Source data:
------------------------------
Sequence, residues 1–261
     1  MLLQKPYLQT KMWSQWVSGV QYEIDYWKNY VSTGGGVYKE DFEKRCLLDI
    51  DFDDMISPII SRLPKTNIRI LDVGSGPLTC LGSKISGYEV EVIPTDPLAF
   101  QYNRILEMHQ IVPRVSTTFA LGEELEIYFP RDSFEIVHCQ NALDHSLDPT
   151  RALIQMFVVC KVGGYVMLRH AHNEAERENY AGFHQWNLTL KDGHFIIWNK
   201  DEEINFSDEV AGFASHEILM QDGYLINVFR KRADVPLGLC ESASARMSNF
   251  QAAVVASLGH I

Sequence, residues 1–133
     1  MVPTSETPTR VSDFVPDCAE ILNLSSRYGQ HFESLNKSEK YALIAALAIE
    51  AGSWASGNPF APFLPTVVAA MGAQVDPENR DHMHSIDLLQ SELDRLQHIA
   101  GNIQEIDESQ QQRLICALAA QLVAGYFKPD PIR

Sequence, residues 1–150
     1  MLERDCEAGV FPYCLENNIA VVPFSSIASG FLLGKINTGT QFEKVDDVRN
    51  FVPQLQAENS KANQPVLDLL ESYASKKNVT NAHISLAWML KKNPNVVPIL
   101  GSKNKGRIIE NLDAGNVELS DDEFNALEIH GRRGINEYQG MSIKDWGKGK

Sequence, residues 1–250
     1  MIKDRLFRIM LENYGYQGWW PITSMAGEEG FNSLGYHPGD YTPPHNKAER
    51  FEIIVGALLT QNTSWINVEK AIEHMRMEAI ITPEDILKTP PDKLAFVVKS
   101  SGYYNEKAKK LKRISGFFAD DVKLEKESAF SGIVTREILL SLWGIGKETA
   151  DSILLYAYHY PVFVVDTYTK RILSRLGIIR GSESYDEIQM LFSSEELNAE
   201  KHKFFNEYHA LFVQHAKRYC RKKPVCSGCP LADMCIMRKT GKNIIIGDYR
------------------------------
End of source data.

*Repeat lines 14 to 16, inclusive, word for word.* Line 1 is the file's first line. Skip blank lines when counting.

    51  FVPQLQAENS KANQPVLDLL ESYASKKNVT NAHISLAWML KKNPNVVPIL
   101  GSKNKGRIIE NLDAGNVELS DDEFNALEIH GRRGINEYQG MSIKDWGKGK

Sequence, residues 1–250